Every day Poets & Writers Magazine scans the headlines—from publishing reports to academic announcements to literary dispatches—for all the news that creative writers need to know. Here are today’s stories:
In its latest move against Amazon, the group Authors United—led by best-selling thriller writer Douglas Preston—confirmed on Wednesday that it intends to contact the Department of Justice requesting an antitrust inquiry into Amazon’s tactics against publishers. Amazon has been embroiled in a months-long battle with Hachette Book Group over e-book prices, throughout which the e-retailer has removed pre-order buttons on select titles and delayed deliveries to customers. (Publishers Weekly)
In celebration of the thirty-second annual Banned Books Week, the Huffington Post has asked educators which banned books they teach their students and why. Check out more of the conversation on Twitter under the hashtag #TeachBannedBooks.
Meanwhile, the blog What Do We Do All Day? has rounded up eight banned books that kids should read, including Lois Lowry’s The Giver and Shel Silvertein’s A Light in the Attic.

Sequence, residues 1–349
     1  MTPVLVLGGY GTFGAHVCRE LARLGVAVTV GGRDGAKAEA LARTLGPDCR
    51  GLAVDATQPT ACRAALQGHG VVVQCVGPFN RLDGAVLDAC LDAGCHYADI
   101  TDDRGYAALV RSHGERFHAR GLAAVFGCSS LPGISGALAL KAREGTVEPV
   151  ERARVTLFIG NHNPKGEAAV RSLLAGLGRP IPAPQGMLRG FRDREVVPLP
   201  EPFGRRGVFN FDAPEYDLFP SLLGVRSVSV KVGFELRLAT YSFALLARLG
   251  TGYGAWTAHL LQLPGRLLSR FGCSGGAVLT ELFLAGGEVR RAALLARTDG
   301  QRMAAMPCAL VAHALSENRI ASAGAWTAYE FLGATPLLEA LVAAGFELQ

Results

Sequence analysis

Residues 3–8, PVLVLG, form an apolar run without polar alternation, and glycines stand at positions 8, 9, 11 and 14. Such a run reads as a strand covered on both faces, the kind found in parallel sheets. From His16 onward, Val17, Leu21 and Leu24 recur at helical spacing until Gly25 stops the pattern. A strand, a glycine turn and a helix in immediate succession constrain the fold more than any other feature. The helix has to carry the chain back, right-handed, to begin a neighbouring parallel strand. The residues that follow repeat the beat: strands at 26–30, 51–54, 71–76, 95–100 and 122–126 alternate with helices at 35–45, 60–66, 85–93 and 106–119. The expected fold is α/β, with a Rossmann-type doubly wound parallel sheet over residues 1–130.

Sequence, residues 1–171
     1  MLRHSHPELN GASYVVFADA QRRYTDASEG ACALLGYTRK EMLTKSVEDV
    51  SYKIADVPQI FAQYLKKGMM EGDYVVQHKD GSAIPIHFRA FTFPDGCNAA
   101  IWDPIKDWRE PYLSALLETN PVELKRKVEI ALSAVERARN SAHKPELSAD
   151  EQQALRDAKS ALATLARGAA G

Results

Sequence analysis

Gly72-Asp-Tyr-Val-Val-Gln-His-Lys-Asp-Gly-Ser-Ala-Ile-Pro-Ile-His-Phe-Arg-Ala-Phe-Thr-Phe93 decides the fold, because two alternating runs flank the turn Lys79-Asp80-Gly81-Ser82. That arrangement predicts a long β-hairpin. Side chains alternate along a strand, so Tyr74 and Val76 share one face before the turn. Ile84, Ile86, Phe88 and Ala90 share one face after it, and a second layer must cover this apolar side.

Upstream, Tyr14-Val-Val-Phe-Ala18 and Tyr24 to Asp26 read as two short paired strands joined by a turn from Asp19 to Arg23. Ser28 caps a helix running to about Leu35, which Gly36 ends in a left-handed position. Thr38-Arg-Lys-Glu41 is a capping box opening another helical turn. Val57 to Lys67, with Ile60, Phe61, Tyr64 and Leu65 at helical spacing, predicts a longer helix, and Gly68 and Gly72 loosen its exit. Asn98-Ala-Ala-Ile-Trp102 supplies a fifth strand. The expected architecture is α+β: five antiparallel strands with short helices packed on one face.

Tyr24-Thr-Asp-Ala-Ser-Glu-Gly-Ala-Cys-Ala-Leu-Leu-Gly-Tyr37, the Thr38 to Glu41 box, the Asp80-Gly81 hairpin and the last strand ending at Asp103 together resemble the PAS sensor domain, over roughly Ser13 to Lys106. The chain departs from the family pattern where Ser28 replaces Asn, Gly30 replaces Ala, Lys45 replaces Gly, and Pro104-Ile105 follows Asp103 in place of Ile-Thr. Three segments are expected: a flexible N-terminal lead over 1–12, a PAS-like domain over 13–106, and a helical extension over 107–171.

In the latest installment of By the Book, the New York Times talks to science writer and linguist Steven Pinker—author of The Language Instinct, The Blank Slate, and, most recently, The Sense of Style: The Thinking Person’s Guide to Writing in the 21st Century—who says he’s never gotten in trouble for reading a book, only for writing them.
NPR’s Pop Culture Happy Hour gets giddy about detective stories and forthcoming fall books.
Three small presses—Civil Coping Mechanisms, Broken River Books, and Lazy Fascist Press—are teaming up to start an independent bookstore and beer shop in Astoria, Oregon. (Electric Literature)
The Guardian is offering an exclusive sneak preview of Haruki Murakami’s forthcoming book, The Strange Library. The ninety-six-page illustrated novella will be published in December by Knopf.
Bluewater Productions has created a comic book profiling Lean In author and Facebook COO and Sheryl Sandberg. The new project is part of a series called Female Force, which has featured the stories of women such as Mother Teresa, Hillary Clinton, Tina Fey, and more. (GalleyCat)